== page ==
Guest post by Kent White
Mormonism offers a worldview which gives meaning and purpose to my life. I love the gospel I find in the Mormon scriptures and I believe that the way I understand that good news has led me to choose two basic axioms which filter my interpretations of my experiences and desires in this life:
- I am here to be of service, not to seek to be served.
- All these things shall give me experience and shall (eventually) be for my good as a result of:
- Christ’s power to heal all the pain I feel
- Christ’s power to heal all the pain I’ve caused others but can’t fix myself
With those two deep anchors (or lenses) in my life, I feel gratitude and open to relationships with others. I feel that Christ is patient and at-one with me despite my disappointments, sins, and pride. But there is a set of foundational assumptions that have led me to this worldview, and I think that those assumptions can be found in the way we as Mormons use The Plan of Salvation. Joseph Smith said, “The great plan of salvation is a theme which ought to occupy our strict attention, and be regarded as one of heaven’s best gifts to mankind.” (History of the Church, 2:23) It is this plan which provides the blueprint from which I build my life. It provides me with a powerful worldview which I believe allows me to function quite well in this world with family and strangers alike.
According to Leo Apostel, a worldview should comprise seven elements:
- An ontology, a descriptive model of the world
- An explanation of the world
- A futurology, answering the question “where are we heading?”
- Values, answers to ethical questions: “What should we do?”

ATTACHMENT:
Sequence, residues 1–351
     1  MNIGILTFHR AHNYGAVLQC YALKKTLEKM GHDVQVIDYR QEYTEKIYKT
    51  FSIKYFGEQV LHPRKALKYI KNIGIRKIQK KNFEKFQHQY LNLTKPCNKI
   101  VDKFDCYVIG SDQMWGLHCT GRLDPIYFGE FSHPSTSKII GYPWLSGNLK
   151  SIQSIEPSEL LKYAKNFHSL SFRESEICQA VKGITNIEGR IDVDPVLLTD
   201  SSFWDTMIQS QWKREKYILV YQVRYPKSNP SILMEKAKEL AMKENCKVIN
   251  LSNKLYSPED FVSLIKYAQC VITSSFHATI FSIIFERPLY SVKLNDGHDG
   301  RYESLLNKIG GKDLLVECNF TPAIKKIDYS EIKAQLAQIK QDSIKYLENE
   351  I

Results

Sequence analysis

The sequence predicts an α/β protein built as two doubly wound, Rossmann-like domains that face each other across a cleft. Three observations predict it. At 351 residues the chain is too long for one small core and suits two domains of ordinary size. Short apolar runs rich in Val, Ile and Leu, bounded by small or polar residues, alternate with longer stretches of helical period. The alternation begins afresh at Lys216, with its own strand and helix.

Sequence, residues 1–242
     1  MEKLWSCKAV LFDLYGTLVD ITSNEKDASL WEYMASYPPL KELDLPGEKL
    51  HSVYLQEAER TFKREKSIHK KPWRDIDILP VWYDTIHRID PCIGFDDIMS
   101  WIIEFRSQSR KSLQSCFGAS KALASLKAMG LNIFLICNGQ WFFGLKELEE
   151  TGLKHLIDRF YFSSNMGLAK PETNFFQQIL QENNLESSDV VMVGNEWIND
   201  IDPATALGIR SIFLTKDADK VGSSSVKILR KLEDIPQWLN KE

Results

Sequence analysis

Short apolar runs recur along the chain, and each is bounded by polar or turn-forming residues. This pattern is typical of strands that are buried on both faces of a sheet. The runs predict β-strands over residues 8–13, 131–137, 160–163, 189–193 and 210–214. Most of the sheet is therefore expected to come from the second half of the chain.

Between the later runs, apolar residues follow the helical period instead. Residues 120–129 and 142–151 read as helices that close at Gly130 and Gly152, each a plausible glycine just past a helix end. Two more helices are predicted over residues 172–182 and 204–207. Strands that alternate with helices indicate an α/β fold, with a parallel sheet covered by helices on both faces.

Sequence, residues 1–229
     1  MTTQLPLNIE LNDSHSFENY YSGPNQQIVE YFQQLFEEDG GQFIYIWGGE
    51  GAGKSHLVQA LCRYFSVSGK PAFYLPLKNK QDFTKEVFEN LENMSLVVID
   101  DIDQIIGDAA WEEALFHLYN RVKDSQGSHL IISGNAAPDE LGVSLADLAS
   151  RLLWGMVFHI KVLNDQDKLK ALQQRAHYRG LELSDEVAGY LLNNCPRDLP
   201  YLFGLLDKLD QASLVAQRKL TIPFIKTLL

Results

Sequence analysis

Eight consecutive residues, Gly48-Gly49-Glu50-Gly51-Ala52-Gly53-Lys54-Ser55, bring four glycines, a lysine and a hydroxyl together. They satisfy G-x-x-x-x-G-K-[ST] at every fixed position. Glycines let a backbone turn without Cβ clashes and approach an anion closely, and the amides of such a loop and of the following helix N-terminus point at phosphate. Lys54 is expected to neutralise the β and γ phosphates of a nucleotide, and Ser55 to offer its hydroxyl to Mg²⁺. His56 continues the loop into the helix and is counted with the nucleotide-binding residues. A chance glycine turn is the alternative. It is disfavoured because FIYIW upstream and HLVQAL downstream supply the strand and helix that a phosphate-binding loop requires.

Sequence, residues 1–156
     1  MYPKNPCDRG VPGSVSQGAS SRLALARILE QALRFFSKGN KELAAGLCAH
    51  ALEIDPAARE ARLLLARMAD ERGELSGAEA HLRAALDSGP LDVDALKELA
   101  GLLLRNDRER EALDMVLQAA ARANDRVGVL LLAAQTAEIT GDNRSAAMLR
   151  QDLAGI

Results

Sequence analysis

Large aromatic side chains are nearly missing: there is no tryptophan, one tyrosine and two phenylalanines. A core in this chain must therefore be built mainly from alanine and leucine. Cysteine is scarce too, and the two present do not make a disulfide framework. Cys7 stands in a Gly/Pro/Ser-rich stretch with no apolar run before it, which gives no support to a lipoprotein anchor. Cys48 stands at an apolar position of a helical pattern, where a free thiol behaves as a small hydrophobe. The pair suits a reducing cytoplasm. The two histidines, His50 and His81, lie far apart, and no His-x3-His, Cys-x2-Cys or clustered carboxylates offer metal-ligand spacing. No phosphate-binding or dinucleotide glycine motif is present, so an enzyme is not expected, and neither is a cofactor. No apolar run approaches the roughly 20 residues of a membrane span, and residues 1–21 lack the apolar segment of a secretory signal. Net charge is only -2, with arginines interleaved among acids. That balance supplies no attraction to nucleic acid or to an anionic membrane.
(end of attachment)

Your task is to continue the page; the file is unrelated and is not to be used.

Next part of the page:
- A praxeology, or methodology, or theory of action.: “How should we attain our goals?”
- An epistemology, or theory of knowledge. “What is true and false?”
- An etiology. A constructed world-view should contain an account of its own “building blocks,” its origins and construction.
I think it is obvious that Mormonism’s worldview as provided by the plan of salvation strives to answer each of these elements.
James W. Sire defines a worldview as “a commitment, a fundamental orientation of the heart, that can be expressed as a story or in a set of presuppositions (assumptions which may be true, partially true, or entirely false) which we hold (consciously or subconsciously, consistently or inconsistently) about the basic construction of reality, and that provides the foundation on which we live and move and have our being.”
When I hear my kids (the oldest is almost 11) saying in their prayers “please bless the food”, “please let us have a good time tonight”, “we hope that you will love us forever”, and “please bless Heber to close his eyes and stop looking at me”, I know they aren’t getting their presuppositions about how God works in the world from my wife and I. Now I used to have pretty messed up ideas about God that weren’t based on anything but my vanity and wishful thinking, and I can’t necessarily blame my parents for that since they weren’t fundamentalists or agnostics. In fact, my parents did a pretty awesome job at teaching us the gospel by living it. It is obvious that my kids are acquiring this worldview of God and how he works in the world in a very unstructured and unconscious way for the most part.
A few years ago my wife and I wrote a picture book for my children that would explain the entire plan of salvation to them (addressing the seven elements listed above) and help provide them a doctrinally correct, simple, and practical worldview (with my own take on some things). Basically my goal was to provide the essence of the gospel for an 8-12 year old understanding that will still have relevance (and provide insights and reflections) for an adult.
Over the years I have found myself making some changes to the book as my understanding increases, but I still don’t feel like the final product is adequate. Is this even a possible or doable endeavor? My next post will deal with the outline of the “book” I wrote for my kids and what should be included in a discussion of the plan of salvation, but for now I would like to discuss and explore the issues related to raising children with a specific worldview that works for them.